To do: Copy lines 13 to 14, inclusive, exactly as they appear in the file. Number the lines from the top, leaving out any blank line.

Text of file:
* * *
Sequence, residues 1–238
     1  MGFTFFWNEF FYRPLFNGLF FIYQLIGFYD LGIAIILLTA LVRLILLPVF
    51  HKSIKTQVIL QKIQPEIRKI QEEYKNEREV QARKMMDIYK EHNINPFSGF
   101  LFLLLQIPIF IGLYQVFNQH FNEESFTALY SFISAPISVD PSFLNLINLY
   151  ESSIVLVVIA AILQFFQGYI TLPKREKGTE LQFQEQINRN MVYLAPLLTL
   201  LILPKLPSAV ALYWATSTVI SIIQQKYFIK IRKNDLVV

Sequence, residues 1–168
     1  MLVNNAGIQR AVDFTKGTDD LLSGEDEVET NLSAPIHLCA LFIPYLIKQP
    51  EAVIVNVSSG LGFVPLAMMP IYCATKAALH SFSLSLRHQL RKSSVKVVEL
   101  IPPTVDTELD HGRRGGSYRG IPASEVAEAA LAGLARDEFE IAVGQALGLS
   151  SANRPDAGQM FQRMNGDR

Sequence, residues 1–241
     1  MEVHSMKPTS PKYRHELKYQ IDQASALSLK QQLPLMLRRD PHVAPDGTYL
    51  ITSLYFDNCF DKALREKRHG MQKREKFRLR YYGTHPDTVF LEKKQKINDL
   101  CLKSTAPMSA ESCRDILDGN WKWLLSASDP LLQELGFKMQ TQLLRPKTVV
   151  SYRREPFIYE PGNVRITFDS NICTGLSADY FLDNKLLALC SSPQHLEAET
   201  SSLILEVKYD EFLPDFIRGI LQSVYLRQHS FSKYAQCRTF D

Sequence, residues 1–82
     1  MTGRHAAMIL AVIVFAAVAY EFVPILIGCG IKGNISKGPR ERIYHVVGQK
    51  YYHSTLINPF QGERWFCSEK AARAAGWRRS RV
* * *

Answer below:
     1  MEVHSMKPTS PKYRHELKYQ IDQASALSLK QQLPLMLRRD PHVAPDGTYL
    51  ITSLYFDNCF DKALREKRHG MQKREKFRLR YYGTHPDTVF LEKKQKINDL